Caryle Wolahan began her journey to Lake Hopatcong at six weeks old in a canoe heading to her grandparents summer home, Camp Mohawk, on Halsey Island. It was there that her love of the lake grew and for the next 68 years she spent each summer on Lake Hopatcong.


Caryle WolahanCaryle’s family spent summers on Halsey Island with her grandparents, who were Shakespearean actors and discovered the lake when they would perform in the hotels during the summer circuit. Eventually her parents purchased a house two doors down from her grandparents and directly across from the Main Lake Market-formerly Prospect Point Boat Yard. The property was the former camp on Halsey Island known as “Ru-Me-Nuf."


“My family has owned lake property since 1925. All of my life this lake has been home to me, especially Halsey Island. This is where my roots are- where I spent many wonderful summers learning to operate a power boat long before I was 13 years old, and water skied everyday with my brother and cousin and other island friends,” said Caryle.


Caryle joined the Lake Hopatcong Yacht Club in 1955 as an independent junior where she learned to sail competitively, racing Thistle sailboats weekly. She recalls spending many fun times at the club as a teen and is still an active member today, along with some of her former junior friends dating back to the 50’s. She is the Fleet Surgeon, substitutes on the race committee, teaches CPR courses, and coordinates blood drives for the yacht club. One funny junior memory I have is when the juniors were having a progressive dinner.  Appetizers were at the club then soup was at my house on Halsey.  I went to the club in my boat for the appetizers.  When it came time to leave, all the other juniors jumped into boats, including mine, while I was calling my mother to notify her that we were on our way.  When I went to get into my boat, all the boats were gone, including mine, leaving me at the club while they all went to my house,” she recalls.A widow at a young age, Caryle raised her son Tim on the lake giving him the great lake summers she had. Tim also spent summers at the yacht club eventually marrying Kim Rosevear, whose family also has roots in the yacht club. “My family is primarily Tim who also grew up at the lake and club.  Kim and Tim have known each other all their lives.  I have three wonderful grandchildren and the daughter I never had in Kim. The Rosevears are like immediate family to me,” said Caryle.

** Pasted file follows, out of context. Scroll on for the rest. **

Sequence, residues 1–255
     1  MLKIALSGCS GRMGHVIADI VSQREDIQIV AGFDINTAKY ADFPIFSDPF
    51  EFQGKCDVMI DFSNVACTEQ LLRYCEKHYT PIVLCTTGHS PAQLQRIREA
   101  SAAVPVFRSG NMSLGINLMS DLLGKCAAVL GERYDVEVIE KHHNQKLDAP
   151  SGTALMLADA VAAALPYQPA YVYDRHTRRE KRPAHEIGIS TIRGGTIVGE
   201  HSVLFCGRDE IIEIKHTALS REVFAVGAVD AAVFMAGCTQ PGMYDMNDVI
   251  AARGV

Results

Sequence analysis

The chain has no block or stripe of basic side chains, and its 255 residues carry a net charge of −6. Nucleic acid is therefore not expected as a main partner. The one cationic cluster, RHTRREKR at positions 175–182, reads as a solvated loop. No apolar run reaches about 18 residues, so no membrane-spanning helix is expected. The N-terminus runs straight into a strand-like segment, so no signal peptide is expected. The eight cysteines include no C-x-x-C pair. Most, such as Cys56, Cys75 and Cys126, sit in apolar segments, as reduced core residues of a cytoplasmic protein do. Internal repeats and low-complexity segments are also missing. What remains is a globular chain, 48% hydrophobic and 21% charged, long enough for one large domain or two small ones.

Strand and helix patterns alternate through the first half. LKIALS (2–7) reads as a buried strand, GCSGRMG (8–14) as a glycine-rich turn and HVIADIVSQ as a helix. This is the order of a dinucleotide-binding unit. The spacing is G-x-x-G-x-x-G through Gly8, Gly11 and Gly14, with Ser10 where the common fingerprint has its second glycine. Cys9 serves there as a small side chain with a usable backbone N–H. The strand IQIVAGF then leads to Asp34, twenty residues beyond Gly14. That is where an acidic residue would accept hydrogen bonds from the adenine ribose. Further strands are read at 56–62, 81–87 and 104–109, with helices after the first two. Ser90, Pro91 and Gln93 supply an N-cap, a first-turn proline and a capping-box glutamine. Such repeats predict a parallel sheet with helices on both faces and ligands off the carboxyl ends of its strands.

Caryle owned her parent’s home on Halsey Island until 1993 when she bought her next home in Byram Cove. Although Caryle no longer owns a lake house she is on the lake either at the yacht club or visiting the Rosevears' lake house at least once a week.



Caryle earned a BS degree in nursing from Wagner College on Staten Island, and later an MS and PhD from Columbia. She was employed by Mt. Sinai Hospital in NYC, taught nursing at Trenton State College, eventually becoming the Dean for a nursing program in NYC, and Dean and teacher of nursing at Adelphi University School of Nursing.


Although retired the medical profession is still in her blood…or anyone interested in donating.


Caryle runs an annual blood drive held at the Lake Hopatcong Yacht Club. This year the drive is on August 21st from 9:30-2:30. It is open to the community- on and around the lake and walk-ins are welcome. “The blood drive is important because there is a severe shortage of blood. It is especially true in the summer when people tend not to give blood. One pint of blood can save the lives of three people. More people need blood than there is blood available.  All types are needed.  O negative blood is the most desirable because anyone can receive it; it is considered the universal donor.  Every two seconds someone in the US needs blood and one out of every ten people admitted to the hospital needs blood. Donating blood is a safe process and does not cause disease,” said Caryle.When Caryle is not volunteering her time she enjoys spending time with friends and family. 


What is your favorite lake destination?

My favorite destination is Halsey Island.  It is quiet and peaceful and you can never have unexpected company. I miss spending summers there.  I liked to sit on the swing that was hung between our two trees by the lake and read. 


What is your earliest lake memory?

My earliest memory is of being with my grandmother when I was about 4 years old.  The Dugan man delivered bread and powdered donuts to the house in the morning.  He tied up his boat and walked up to the house with what my grandmother ordered.  I thought that getting Dugan by boat was exciting.  That same afternoon an excursion boat picked us up and took us for a ride around the lake, this was in 1946.  I also fondly remember the beautiful clear, weed free water of the 40's and 50's. 


Describe your perfect summer day on the lake.

For me now, a perfect summer day is being a Lake Hopatcong Yacht Club with my family.  Following that is being there and sitting in one of the rockers reading or on the Rosevear’s porch with Sandy, Burt and all the kids enjoying family fun.  

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